Extremities of body mass index and their association with pregnancy outcomes in women undergoing in vitro fertilization in the United States

Among women undergoing in vitro fertilization, underweight prepregnancy body mass indices may have limited impact on pregnancy and live-birth rates but are associated with increased preterm and low-birthweight delivery.

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Volume 106, Issue 7, Pages 1742-1750

Authors:

Jennifer F. Kawwass, M.D., Aniket D. Kulkarni, M.B.B.S., M.P.H., Heather S. Hipp, M.D., Sara Crawford, Ph.D., Dmitry M. Kissin, M.D., M.P.H., Denise J. Jamieson, M.D., M.P.H.

Abstract:

Objective

To investigate the associations among underweight body mass index (BMI), pregnancy, and obstetric outcomes among women using assisted reproductive technology (ART).

Design

Retrospective cohort study using national data and log binomial regression.

Setting

Not applicable.

Patient(s)

Women undergoing IVF in the United States from 2008 to 2013.

Intervention(s)

None.

Main Outcome Measure(s)

Pregnancy outcomes (intrauterine pregnancy, live birth rates) per transfer, miscarriage rate per pregnancy, and low birth weight and preterm delivery rates among singleton and twin pregnancies.

Result(s)

For all fresh autologous in vitro fertilization (IVF) cycles in the United States from 2008 to 2013 (n = 494,097 cycles, n = 402,742 transfers, n = 180,855 pregnancies) reported to the national ART Surveillance System, compared with normal weight women, underweight women had a statistically significant decreased chance of intrauterine pregnancy (adjusted risk ratio [aRR] 0.97; 95% confidence interval [CI], 0.96–0.99) and live birth (aRR 0.95; 95% CI, 0.93–0.98) per transfer. Obese women also had a statistically decreased likelihood of both (aRR 0.94; 95% CI, 0.94–0.95; aRR 0.87; 95% CI, 0.86–0.88, respectively). Among cycles resulting in singleton pregnancy, both underweight and obese statuses were associated with increased risk of low birth weight (aRR 1.39; 95% CI, 1.25–1.54, aRR 1.26; 95% CI, 1.20–1.33, respectively) and preterm delivery (aRR 1.12; 95% CI, 1.01–1.23, aRR 1.42; 95% CI, 1.36–1.48, respectively). The association between underweight status and miscarriage was not statistically significant (aRR 1.04; 95% CI, 0.98–1.11). In contrast, obesity was associated with a statistically significantly increased miscarriage risk (aRR 1.23; 95% CI, 1.20–1.26).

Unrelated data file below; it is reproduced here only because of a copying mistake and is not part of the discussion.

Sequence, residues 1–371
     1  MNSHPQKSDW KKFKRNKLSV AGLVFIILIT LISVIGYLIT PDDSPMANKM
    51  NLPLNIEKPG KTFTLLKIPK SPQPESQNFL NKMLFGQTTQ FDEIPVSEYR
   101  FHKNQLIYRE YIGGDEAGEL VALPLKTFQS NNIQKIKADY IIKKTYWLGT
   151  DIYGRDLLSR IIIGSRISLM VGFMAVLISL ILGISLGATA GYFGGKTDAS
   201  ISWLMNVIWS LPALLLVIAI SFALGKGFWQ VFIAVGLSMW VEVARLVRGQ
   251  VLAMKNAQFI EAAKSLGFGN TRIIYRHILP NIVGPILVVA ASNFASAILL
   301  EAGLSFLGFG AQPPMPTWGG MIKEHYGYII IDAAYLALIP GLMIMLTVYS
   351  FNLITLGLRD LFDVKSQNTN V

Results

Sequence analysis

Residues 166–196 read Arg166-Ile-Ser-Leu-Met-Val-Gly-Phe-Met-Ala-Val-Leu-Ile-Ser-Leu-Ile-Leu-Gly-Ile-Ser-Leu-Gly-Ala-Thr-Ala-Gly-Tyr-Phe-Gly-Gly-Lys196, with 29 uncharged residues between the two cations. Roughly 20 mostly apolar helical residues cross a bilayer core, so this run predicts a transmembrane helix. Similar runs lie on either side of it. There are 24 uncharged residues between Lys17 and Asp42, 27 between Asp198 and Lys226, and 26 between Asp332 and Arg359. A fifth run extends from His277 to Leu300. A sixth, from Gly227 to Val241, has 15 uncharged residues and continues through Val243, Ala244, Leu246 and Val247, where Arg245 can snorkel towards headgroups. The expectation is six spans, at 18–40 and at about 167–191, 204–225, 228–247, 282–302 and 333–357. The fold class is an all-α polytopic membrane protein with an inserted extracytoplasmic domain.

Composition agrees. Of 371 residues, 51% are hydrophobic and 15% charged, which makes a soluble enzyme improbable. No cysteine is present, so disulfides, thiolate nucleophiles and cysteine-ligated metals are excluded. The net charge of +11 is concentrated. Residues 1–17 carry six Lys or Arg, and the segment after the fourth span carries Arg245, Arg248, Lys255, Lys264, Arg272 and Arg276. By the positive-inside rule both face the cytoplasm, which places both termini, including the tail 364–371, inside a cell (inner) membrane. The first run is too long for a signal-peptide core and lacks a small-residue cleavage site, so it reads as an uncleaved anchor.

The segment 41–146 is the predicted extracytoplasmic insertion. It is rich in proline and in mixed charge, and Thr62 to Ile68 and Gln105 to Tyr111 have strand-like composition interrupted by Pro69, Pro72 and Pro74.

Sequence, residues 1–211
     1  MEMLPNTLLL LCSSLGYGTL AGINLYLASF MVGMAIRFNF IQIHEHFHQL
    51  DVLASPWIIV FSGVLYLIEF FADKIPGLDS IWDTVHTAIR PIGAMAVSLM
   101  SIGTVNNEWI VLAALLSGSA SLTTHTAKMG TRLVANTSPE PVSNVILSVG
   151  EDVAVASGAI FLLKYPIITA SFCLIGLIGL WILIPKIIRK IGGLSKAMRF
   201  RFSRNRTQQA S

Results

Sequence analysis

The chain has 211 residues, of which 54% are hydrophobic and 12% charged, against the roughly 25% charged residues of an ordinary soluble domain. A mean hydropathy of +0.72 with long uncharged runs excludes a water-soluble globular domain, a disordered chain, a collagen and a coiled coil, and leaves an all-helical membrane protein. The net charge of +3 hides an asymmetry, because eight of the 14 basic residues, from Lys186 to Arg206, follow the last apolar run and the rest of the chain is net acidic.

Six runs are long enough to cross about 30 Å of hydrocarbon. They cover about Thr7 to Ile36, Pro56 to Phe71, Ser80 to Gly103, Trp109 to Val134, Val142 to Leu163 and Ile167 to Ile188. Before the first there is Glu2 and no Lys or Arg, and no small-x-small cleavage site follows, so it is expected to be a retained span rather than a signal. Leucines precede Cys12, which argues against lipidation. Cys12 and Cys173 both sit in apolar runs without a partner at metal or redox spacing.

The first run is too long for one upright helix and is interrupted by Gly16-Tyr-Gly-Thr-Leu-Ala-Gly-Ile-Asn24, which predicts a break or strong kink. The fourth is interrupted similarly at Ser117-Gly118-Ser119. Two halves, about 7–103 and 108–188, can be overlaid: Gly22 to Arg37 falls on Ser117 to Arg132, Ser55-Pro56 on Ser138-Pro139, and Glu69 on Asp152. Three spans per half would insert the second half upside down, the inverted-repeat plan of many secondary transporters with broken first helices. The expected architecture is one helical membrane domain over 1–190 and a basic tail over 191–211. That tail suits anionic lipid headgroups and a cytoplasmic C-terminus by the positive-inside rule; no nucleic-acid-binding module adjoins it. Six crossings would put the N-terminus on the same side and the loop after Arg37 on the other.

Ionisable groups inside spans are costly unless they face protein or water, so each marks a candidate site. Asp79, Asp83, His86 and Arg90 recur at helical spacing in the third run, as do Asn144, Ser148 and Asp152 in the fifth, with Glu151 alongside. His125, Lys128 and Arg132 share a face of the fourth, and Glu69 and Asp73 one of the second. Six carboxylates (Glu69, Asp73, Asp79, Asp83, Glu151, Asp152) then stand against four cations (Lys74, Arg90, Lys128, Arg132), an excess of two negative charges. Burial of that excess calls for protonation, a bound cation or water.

Conclusion(s)

Among women undergoing IVF, prepregnancy BMI affects pregnancy and obstetric outcomes. Underweight status may have a limited impact on pregnancy and live-birth rates, but it is associated with increased preterm and low-birth-weight delivery risk. Obesity negatively impacts all ART and obstetric outcomes investigated.


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Fertility and Sterility

Editorial Office, American Society for Reproductive Medicine

Fertility and Sterility® is an international journal for obstetricians, gynecologists, reproductive endocrinologists, urologists, basic scientists and others who treat and investigate problems of infertility and human reproductive disorders. The journal publishes juried original scientific articles in clinical and laboratory research relevant to reproductive endocrinology, urology, andrology, physiology, immunology, genetics, contraception, and menopause. Fertility and Sterility® encourages and supports meaningful basic and clinical research, and facilitates and promotes excellence in professional education, in the field of reproductive medicine.

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